The Idaho Transportation Department plans to repave Main Street in Hailey in 2021, and by 2025 will make safety improvements to Timmerman Junction south of Bellevue.
According to ITD, the Main Street project—funded by the Federal Highway Administration—will address two main issues: a lack of ADA-compliant curb ramps and uneven pavement.
Wheelchair-accessible ramp construction will begin in May 2021, while roadwork will likely commence that July, ITD project manager Steve Hunter said.
“The roadwork will consist of removing all of the existing asphalt, recompacting the base and then constructing new pavement,” Hunter said.
At a meeting Thursday at the Old Blaine County Courthouse in Hailey, members of the Blaine County Regional Transportation Committee discussed how to minimize delays and construction noise for Hailey residents and businesses along Main Street.
Walter Burnside, ITD’s district operations manager, said many pros and cons had yet to be weighed. One option presented was sectioning the project into eight or nine blocks at a time; another was keeping two lanes open at all times.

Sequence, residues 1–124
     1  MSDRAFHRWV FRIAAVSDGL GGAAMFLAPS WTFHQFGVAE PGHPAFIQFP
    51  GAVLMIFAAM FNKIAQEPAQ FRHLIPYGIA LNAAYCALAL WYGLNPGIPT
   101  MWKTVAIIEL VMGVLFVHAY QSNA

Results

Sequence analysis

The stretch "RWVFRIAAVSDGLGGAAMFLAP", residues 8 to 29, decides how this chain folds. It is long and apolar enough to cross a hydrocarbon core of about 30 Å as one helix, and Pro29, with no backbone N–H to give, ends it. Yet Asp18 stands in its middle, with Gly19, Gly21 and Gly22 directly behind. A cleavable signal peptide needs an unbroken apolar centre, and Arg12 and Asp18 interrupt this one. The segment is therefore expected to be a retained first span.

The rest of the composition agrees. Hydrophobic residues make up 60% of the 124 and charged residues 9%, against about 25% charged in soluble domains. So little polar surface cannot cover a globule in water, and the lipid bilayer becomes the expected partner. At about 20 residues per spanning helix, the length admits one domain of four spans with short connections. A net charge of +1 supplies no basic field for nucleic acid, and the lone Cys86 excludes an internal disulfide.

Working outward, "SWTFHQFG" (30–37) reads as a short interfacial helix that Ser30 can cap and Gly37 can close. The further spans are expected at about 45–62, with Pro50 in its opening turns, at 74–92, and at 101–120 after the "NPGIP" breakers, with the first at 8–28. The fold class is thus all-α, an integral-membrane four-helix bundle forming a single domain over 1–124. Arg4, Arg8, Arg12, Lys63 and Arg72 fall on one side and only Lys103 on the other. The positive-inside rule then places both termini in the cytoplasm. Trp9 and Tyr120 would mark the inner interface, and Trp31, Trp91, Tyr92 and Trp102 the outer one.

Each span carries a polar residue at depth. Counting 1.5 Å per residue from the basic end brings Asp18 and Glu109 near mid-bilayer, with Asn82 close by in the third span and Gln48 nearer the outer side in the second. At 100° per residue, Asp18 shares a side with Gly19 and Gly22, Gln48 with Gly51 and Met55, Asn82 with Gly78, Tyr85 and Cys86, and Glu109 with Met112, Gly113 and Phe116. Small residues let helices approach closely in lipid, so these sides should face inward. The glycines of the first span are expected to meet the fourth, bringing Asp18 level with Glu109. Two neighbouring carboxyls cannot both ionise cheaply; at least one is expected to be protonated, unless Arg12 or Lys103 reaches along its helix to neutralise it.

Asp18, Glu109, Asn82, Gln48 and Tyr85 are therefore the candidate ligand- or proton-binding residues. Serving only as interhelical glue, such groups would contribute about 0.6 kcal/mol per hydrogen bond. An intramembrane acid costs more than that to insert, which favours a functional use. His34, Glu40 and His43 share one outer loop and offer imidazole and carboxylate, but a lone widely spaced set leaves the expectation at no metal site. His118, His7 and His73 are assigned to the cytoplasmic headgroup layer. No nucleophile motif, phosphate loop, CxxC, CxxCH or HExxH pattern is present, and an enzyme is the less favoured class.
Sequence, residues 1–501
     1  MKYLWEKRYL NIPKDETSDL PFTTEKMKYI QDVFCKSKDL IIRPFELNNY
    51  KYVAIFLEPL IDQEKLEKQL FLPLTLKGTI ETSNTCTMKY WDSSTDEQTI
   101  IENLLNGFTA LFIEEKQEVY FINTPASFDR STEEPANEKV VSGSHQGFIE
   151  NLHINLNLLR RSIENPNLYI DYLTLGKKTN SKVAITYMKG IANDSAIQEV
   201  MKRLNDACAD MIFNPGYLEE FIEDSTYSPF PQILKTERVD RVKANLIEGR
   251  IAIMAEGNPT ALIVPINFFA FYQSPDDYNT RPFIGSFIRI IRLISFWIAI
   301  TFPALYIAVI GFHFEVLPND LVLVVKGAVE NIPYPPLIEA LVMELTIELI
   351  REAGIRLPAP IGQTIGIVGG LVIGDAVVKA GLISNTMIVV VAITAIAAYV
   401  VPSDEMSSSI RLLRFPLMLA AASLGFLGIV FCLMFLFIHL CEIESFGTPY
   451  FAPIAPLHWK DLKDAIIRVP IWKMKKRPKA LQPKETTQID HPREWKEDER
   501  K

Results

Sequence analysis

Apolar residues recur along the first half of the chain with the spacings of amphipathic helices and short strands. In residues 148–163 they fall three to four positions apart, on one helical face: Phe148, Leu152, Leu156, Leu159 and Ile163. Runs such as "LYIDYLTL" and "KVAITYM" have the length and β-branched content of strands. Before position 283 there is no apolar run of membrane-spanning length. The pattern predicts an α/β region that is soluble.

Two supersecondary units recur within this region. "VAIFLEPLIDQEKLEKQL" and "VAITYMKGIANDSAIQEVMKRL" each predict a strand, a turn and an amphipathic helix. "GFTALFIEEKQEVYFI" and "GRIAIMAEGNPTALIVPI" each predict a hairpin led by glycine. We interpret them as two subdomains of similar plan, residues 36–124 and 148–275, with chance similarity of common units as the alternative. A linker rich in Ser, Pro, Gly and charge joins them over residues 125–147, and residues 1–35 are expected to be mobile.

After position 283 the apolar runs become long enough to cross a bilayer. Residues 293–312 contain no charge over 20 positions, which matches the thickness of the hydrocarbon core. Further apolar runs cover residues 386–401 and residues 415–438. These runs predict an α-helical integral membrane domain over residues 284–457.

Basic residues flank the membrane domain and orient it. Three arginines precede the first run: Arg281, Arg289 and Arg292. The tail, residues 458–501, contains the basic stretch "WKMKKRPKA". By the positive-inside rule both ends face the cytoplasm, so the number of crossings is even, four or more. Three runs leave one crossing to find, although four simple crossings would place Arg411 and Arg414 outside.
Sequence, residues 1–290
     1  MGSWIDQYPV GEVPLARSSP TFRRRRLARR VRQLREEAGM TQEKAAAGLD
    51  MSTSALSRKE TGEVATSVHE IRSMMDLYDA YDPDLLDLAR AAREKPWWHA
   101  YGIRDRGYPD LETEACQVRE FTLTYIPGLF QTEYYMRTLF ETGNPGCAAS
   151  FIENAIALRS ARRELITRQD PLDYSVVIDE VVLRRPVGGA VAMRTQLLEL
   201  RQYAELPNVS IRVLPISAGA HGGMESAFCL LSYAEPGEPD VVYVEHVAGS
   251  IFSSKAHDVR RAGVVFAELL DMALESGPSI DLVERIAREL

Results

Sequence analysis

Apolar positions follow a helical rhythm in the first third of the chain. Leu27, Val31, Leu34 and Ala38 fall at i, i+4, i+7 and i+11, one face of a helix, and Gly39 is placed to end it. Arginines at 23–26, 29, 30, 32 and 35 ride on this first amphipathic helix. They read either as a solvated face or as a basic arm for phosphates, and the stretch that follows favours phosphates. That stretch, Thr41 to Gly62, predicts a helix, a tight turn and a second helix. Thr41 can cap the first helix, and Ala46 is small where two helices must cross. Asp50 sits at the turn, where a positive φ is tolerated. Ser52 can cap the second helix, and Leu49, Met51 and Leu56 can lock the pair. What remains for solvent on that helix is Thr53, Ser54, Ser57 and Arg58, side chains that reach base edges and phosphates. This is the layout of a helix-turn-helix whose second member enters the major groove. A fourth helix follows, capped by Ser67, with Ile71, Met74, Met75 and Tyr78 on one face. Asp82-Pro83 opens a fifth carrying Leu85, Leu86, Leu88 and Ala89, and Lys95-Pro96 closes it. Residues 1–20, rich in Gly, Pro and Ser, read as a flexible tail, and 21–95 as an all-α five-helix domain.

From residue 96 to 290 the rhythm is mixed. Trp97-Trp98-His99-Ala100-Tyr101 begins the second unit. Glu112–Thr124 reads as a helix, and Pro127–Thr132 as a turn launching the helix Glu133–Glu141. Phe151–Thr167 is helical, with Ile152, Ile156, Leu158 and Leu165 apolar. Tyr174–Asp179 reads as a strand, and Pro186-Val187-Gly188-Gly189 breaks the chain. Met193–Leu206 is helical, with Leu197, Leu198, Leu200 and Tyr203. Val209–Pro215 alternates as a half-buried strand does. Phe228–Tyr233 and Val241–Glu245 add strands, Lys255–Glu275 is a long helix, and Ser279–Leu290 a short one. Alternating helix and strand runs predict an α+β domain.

“We have to choose how we’ll impact the public as little as possible,” Burnside said.
An open-house discussion is scheduled for Oct. 17 in Hailey.
Discussions about high-risk intersections and the need for traffic lights also cropped up Thursday.
Chief Sheriff’s Deputy Will Fruehling mentioned two Highway 75 intersections of concern: the junctions of Highway 20 (Timmerman Junction) and Ohio Gulch Road north of Hailey.
“It seems like we’ve had more crashes there and gotten more questions from the public about their safety,” Fruehling said.
In order to install a stoplight at Ohio Gulch Road, Burnside said more than a dozen conditions would need to be satisfied.
Mountain Rides spokeswoman Kim MacPherson said that if a stoplight were implemented, a bus stop would become more feasible.
“We get in a number of calls throughout the year that say, ‘Why don’t you stop at Ohio Gulch,’ but we just can’t drop people off in the middle of the highway,” she said.
As for Timmerman Junction, ITD plans to add flashing diamond signs for northbound-southbound lanes that would activate upon sensing east-west traffic. Though the current addition is projected for 2025, Burnside said its lower cost will likely bump it up on the project list.
Fruehling endorsed the proposed signs.